Prof settles free speech lawsuit, but remains defiant

Kyle Perisic
Leadership Institute Intern

  • A Fresno State University professor has agreed to pay $17,000 and attend First Amendment training to settle a lawsuit filed after he led students in defacing pro-life chalk messages.
  • Public health professor Gregory Thatcher was caught on video urging his students to scrub away the chalkings, insisting at the time that he had a First Amendment right to do so.
  • Professor Gregory Thatcher insisted that he had the right to remove pro-life chalk messages, and urged his students to join him.

    A Fresno State University professor has agreed to pay $17,000 and attend First Amendment training to settle a lawsuit filed after he led students in defacing pro-life chalk messages.

    As previously reported by Campus Reform, the school’s Students for Life chapter had secured administrative approval to write the chalk messages, but were confronted as they did so by public health professor Gregory Thatcher, who insisted that freedom of speech entitled him to remove the messages and actively encouraged several of his students to do so.

    "No public university professor has the authority to silence any student speech he happens to find objectionable or to recruit other students to participate in his censorship."   

    [RELATED: Prof: ‘college campuses are not free speech areas’]

    When the pro-life student, Bernadette Tasy, informed him that she had permission from the school to write the messages, Thatcher erroneously declared that she was not within a designated free speech zone.

    “The whole idea of free speech is that we have a free speech area on campus, kay?” he stated. “This does not constitute a free speech area, okay?”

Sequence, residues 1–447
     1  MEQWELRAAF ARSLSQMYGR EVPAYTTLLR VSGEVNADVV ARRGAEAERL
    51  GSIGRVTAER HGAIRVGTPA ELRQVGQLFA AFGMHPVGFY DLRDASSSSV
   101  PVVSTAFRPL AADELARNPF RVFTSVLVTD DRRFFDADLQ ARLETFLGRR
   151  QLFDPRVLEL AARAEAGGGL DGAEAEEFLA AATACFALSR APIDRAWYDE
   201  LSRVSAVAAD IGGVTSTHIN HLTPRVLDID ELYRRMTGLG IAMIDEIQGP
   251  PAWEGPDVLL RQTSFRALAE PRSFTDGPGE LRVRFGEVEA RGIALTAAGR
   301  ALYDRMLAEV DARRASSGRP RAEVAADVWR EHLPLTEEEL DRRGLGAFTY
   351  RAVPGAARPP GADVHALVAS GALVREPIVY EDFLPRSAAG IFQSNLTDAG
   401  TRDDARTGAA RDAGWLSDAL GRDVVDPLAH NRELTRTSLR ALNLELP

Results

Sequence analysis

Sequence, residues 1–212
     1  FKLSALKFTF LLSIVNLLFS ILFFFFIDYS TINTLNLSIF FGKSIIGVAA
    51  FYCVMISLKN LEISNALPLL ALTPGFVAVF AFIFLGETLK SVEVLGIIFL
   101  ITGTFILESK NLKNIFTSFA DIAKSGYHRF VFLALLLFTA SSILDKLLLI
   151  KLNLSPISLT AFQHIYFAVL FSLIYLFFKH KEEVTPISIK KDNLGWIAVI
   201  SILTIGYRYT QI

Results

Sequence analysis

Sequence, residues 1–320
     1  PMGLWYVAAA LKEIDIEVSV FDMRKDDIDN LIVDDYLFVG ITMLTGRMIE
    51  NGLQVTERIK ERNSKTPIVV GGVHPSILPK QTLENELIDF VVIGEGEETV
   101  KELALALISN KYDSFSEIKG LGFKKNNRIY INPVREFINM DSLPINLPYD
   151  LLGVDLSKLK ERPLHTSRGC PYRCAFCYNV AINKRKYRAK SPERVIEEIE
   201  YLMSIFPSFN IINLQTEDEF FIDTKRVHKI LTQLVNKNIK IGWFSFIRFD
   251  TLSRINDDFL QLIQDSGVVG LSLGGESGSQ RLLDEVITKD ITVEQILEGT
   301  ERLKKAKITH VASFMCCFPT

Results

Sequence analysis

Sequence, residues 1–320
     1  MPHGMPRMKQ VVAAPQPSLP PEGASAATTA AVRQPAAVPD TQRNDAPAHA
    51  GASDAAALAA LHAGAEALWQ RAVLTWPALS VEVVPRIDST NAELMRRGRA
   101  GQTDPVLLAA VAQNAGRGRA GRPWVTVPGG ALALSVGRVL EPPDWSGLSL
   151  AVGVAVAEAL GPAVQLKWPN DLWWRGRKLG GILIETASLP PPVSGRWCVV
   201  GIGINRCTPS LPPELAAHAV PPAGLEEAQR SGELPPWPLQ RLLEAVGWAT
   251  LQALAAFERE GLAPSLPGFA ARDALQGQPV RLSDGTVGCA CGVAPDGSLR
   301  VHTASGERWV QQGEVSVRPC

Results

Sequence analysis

Thatcher also incorrectly claimed that “college campuses are not free speech areas,” adding, “Do you understand? Obviously you don’t understand.”

    The university, however, eliminated its free speech zone policy two years earlier, and stated in May that that the “entire campus is open and supports freedom of expression,” according to The Fresno Bee.

    [RELATED: Fresno State parts ways with prof who said 'Trump must hang']

    When Campus Reform reached out to Thatcher, he said he has not changed his mind about the meaning of free speech, claiming he has read the First Amendment and does not feel bad for his behavior.

    Thatcher’s settlement stipulates $1,000 in damages to each of two club leaders and $15,000 in attorneys’ fees, but his insurance company, provided to him through the National Education Association, will cover the full cost.

    “I admitted absolutely no wrongdoing, and I did not have to pay a dime,” Thatcher told The Fresno Bee, adding that he doesn’t even mind the requirement that he attend First Amendment training, because “I love to do stuff like that—to learn about other people’s opinions and thoughts.”

    Thatcher is also prohibited from interfering with future Students for Life activities or instructing others to do so.

    [RELATED: NKU student facing charges for vandalizing pro-life display]

    “No public university professor has the authority to silence any student speech he happens to find objectionable or to recruit other students to participate in his censorship,” declared ADF Legal Counsel Travis Barham. “Like all government officials, professors have an obligation to respect the constitutionally protected free speech of students.”

    “We hope the outcome of this case helps college officials everywhere understand that the free marketplace of ideas includes college campuses,” added Students for Life of America President Kristan Hawkins. “Nationwide, we are seeing incredible opposition to the pro-life speech of our student leaders and volunteers as they speak for the defenseless, reach out to pregnant women, and educate on the violence of abortion.”

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    Kyle Perisic

    Kyle Perisic

    Leadership Institute Intern
    Kyle Perisic is a Leadership Institute Intern, and reports liberal bias and abuse on college campuses for Campus Reform. He is originally from Minnesota and graduated from the University of Minnesota-Twin Cities with a double major in English and Political Science. While in college, Kyle was a member of various student organizations, worked in government relations, and worked on several political campaigns.
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